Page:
Pandora’s Tower’s Budding Relationship Is The Soul Of The Game

By Spencer . April 11, 2012 . 5:45pm

"Are you like married to this girl?" she asked while watching me playing Pandora’s Tower. "Not exactly," I replied, "you’re sort of courting her by making sure she doesn’t turn into a slime monster." I probably should’ve explained the game better that time, so let me give it a second shot here…

 

Pandora’s Tower is an action RPG-meets-dating sim. Building the relationship between Aeron and Elena is really the heart of Jump Ultimate Stars developer Ganbarion’s game. In the beginning, Elena is cursed after singing at the Harvest Festival and Aeron has to venture through Thirteen Towers with purple meat in hand to stop her from transforming into a monster.

 

Pandora’s Tower is played on a clock and if you don’t periodically return, Elena will sprout slimy appendages. Eating monster meat changes her back, but being late deteriorates your relationship.

 

While you’re whipping monsters, Elena plays the role of a homemaker. She lives on her own schedule cooking breakfast in the morning and sweeping in the afternoon. Sometimes, you’ll see her singing outside or wiping ooze off the floor (if she starts to transform). You can sit down and have a meal with Elena or bring her items from the dungeon as gifts. For instance, she’s fond of a kind of fruit you can get by defeating monsters, but don’t try to give her a wolf pelt. (Note to self: no bloody wolf pelts for Valentine’s Day…) As your relationship grows, Elena expresses concern for Aeron’s journey. She’ll look worried before you run on a giant chain towards the towers and later she may even make you HP restoring candy. If you arrive home late at night, Elena will get out of bed to see how you’re doing.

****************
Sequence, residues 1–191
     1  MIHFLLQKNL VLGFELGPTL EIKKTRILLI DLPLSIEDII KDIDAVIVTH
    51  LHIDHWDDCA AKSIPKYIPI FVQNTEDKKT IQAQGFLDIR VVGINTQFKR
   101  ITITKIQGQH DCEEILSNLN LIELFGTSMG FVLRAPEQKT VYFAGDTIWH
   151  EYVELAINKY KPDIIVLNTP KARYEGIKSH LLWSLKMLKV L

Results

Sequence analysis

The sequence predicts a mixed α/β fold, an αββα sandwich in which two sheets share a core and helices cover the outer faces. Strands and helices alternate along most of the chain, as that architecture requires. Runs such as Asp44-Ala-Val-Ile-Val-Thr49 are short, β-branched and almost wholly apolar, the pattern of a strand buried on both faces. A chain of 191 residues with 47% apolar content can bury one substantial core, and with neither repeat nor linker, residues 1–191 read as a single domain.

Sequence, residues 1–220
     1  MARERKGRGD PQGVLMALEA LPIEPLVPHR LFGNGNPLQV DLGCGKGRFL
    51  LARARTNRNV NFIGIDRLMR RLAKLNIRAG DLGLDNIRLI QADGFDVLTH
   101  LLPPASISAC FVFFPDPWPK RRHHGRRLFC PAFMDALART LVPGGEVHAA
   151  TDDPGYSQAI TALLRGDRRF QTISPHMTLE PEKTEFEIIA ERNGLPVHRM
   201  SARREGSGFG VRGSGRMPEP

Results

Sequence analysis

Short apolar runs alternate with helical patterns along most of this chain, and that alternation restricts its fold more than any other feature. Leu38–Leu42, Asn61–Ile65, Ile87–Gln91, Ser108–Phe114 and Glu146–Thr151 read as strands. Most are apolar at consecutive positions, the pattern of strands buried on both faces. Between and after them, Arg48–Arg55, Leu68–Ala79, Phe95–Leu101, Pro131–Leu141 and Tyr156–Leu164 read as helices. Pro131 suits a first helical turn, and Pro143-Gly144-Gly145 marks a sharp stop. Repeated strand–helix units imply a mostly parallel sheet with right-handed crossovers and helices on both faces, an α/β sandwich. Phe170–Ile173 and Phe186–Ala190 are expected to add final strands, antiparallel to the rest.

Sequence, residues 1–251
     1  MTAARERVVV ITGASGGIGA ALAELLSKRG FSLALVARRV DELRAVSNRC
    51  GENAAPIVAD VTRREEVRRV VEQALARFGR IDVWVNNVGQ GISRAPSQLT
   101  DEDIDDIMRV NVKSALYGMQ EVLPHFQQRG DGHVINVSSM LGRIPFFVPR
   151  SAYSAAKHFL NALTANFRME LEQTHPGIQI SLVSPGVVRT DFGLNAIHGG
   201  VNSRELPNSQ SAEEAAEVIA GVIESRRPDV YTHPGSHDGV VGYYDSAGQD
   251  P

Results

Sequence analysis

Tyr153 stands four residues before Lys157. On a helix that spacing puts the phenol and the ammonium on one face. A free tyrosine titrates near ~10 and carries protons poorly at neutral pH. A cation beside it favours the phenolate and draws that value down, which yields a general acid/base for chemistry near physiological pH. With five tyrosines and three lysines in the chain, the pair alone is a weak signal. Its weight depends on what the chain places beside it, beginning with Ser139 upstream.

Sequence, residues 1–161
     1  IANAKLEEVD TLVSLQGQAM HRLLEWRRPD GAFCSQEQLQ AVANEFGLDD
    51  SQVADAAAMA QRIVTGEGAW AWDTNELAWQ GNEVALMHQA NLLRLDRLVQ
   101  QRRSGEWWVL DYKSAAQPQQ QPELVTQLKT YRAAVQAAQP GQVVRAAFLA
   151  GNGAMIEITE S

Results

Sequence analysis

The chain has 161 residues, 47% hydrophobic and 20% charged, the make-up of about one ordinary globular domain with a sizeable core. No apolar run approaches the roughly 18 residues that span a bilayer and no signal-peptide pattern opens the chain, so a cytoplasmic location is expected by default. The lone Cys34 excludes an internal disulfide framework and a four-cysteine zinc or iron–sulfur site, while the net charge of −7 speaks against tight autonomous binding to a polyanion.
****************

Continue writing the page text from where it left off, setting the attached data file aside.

The fastest way to Elena’s heart is through homemade gifts. Mavda, a creepy merchant living in your closet, will make bracelets and sell you flower bouquets. How does Mavda get these items when she never leaves? Who knows. Elena will decorate the house with these items like placing a tablecloth. The catch is you need materials to make items and Aeron can only carry so much stuff. I found myself siding towards Elena dropping materials to upgrade Aeron’s weapons so I could return with pendant parts. All of these little gifts and chats ultimately change Pandora’s Tower’s ending.

 

"You have to bring her food, you buy her gifts, and she waits for you to get home. You’re pretty much married." She had a point, even though Elena and Aeron are "getting to know each other" in the game. They have a connection, but I won’t say anymore about that.

 

As charming as watching their relationship develop is, Aeron has to delve into dungeons otherwise the two of them will face an unhappy ending. Armed with a chain and a sword, Pandora’s Tower has a unique control scheme where you press a button to slash with your sword and point at the screen to aim a chain. It’s a novel set up that adds in light gun mechanics with swordplay, although a bit tricky to get used to at first. One neat trick is you can tie monsters together by firing the chain at one creature and then pointing at a different monster. Aeron can also pull armor off some enemies and rip out meat for Elena.

 

Even though Aeron picks up new weapons, Pandora’s Tower gives you the core tools for all of the boss fights in the beginning of the game. Similar to Shadow of the Colossus, boss fights are puzzles that have players use the chain in different ways. Probably the toughest part about each battle is the clock, which is usually about to run out if this is your first time reaching the boss’ lair.

 

And you’re going to want to get back quickly because Elena is anxiously awaiting your return—not for a piece of vile meat, but to see Aeron safe and sound.


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